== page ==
Wednesday, June 24, 2015
CONTACT: Amy Runyon-Harms, Executive Director at [email protected]

DENVER: A day after Colorado Attorney General Cynthia Coffman broke her silence to tell multiple media outlets that she did not blackmail or threaten the Colorado Republican Party Chairman, ProgressNow Colorado, the state’s largest online progressive advocacy organization, demanded specific answers to key questions about Coffman’s involvement.

“Here is the big question: did Attorney General Cynthia Coffman discuss the possibility of legal proceedings or action against Steve House in any way to persuade him to resign?” asked ProgressNow Colorado executive director Amy Runyon-Harms. “Nothing in the latest news reports, be it the failure to hire Ted Harvey or the possibility of an extramarital affair, can justify Attorney General Coffman threatening House with legal action–either by her office or another party she may have acted on behalf of. These allegations, if true, may well meet the definition of criminal extortion in Colorado law.”

In interviews granted yesterday to Denver media outlets, Attorney General Cynthia Coffman stated that the confrontation of House at a Denver restaurant on June 15th was motivated by House having “promised people jobs”–a reference to the failure of House to hire former Colorado Sen. Ted Harvey as the party’s executive director. [1] Coffman claims there were “no threats,” but admitted that an alleged extramarital affair of House’s “came up” in the context of “potential liability, legal liability.” [2]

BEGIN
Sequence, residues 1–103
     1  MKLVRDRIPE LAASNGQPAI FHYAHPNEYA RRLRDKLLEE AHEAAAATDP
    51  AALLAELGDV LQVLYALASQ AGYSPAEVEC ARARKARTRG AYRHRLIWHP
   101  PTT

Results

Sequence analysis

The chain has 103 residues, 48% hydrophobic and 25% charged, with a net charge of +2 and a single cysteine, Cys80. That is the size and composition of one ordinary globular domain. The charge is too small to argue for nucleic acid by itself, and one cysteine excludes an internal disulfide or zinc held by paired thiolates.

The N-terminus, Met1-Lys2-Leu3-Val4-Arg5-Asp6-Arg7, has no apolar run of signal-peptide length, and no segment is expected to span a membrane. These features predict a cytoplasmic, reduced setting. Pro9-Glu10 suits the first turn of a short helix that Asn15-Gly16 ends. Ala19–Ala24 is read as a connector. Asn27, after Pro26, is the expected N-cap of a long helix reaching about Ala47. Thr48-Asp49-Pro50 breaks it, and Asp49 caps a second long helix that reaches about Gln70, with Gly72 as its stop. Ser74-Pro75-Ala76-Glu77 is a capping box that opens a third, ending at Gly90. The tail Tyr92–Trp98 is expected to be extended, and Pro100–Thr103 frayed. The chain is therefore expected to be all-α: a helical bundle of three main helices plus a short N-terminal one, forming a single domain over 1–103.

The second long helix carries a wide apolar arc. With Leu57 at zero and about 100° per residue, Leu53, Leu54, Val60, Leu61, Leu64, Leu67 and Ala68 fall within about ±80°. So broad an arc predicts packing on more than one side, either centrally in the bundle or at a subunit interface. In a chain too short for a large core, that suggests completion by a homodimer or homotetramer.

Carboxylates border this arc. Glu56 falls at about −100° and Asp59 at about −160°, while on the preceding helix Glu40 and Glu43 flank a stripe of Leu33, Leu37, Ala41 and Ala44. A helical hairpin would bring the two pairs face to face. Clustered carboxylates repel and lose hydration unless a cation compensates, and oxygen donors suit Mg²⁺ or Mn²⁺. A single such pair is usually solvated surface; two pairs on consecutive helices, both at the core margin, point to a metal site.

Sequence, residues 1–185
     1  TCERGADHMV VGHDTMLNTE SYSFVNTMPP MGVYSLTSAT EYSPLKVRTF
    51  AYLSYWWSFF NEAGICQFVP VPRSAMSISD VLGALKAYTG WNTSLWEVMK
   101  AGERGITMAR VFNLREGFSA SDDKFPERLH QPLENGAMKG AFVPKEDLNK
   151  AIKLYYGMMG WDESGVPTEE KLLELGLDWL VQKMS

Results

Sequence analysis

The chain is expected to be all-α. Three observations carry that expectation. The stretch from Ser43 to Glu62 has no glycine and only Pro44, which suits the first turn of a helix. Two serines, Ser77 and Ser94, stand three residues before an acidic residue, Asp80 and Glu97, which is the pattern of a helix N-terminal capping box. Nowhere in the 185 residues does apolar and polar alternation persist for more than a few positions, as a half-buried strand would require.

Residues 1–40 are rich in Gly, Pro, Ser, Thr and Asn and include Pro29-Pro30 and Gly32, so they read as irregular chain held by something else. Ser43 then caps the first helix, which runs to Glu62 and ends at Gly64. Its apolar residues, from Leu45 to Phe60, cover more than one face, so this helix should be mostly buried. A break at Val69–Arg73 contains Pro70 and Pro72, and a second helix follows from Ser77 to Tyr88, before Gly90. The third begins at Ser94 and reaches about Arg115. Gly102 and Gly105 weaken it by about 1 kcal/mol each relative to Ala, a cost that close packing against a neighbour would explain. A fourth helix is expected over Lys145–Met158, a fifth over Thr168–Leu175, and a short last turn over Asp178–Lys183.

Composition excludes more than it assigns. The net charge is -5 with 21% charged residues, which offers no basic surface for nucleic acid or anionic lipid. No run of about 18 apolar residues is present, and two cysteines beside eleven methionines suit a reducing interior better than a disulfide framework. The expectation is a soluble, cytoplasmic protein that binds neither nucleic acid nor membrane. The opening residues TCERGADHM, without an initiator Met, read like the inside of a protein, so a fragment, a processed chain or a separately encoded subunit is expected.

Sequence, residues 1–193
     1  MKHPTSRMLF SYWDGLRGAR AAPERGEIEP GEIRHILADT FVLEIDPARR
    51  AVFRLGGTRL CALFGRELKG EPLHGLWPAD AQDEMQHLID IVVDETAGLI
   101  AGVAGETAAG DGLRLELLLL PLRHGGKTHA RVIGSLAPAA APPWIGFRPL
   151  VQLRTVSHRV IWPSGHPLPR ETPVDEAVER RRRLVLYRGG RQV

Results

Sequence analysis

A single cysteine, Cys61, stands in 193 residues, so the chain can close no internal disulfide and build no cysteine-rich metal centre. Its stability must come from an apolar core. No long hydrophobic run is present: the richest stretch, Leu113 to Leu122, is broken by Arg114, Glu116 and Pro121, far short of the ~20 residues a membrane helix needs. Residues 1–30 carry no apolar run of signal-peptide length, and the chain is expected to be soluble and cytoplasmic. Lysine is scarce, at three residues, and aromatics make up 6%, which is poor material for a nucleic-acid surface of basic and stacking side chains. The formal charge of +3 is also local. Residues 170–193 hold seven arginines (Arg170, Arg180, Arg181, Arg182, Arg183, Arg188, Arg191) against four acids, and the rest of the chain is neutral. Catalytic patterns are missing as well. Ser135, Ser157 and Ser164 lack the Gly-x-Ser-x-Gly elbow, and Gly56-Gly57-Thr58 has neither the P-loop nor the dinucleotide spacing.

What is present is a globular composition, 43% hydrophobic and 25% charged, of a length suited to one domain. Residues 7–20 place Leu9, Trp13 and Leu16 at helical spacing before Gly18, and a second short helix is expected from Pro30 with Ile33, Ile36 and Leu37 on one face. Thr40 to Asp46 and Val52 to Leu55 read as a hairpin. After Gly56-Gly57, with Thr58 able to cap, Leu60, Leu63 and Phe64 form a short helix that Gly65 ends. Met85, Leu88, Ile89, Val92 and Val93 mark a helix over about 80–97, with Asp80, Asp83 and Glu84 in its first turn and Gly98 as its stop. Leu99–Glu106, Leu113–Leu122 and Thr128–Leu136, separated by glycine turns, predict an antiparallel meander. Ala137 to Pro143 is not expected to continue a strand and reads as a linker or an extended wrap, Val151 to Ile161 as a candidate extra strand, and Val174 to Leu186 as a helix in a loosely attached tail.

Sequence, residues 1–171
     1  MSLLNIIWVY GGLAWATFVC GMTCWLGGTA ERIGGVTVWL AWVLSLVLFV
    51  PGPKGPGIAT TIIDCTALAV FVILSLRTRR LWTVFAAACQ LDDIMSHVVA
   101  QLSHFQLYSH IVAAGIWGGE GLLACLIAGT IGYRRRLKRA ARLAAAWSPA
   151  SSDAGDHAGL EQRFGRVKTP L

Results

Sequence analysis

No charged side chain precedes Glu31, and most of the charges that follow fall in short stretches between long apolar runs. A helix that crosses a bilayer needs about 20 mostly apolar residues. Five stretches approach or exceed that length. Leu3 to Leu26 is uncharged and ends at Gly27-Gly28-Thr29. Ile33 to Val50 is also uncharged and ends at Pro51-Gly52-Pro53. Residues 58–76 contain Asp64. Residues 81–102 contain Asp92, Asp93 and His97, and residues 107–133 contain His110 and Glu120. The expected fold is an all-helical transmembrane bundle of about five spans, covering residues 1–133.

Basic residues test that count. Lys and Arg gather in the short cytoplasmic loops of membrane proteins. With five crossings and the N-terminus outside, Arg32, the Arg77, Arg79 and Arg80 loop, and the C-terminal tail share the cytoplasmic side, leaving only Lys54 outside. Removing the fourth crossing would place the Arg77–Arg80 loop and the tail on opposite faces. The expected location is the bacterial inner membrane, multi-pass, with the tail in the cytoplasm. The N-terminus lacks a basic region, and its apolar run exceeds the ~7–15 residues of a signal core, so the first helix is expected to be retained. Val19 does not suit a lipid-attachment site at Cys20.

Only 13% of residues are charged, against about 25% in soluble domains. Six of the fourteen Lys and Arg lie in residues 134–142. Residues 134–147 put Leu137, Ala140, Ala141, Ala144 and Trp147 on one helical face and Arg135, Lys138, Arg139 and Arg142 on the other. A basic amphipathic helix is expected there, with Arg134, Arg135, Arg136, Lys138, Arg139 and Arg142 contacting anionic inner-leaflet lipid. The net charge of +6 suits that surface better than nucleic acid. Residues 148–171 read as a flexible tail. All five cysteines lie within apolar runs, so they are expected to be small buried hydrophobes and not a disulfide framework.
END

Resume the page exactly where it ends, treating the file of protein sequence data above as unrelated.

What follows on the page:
“As the state’s chief law enforcement officer, Attorney General Cynthia Coffman must hold herself to a higher standard,” said Runyon-Harms. “The position of Attorney General is no ordinary elected office. Cynthia Coffman has the power to initiate criminal prosecutions and refer cases to other prosecutors for legal action. That’s why her involvement in this case of alleged criminal extortion is a more serious matter than other political figures who may have been involved. If Coffman was in any way involved in criminal activity, even to sanction it with her presence, she has grossly violated the trust of Colorado voters and cannot remain in office.”

“The people of Colorado need to know that their chief law enforcement officer was not a party to criminal extortion,” said Runyon-Harms. “As of now, and until we get all the facts, we can’t say for sure.”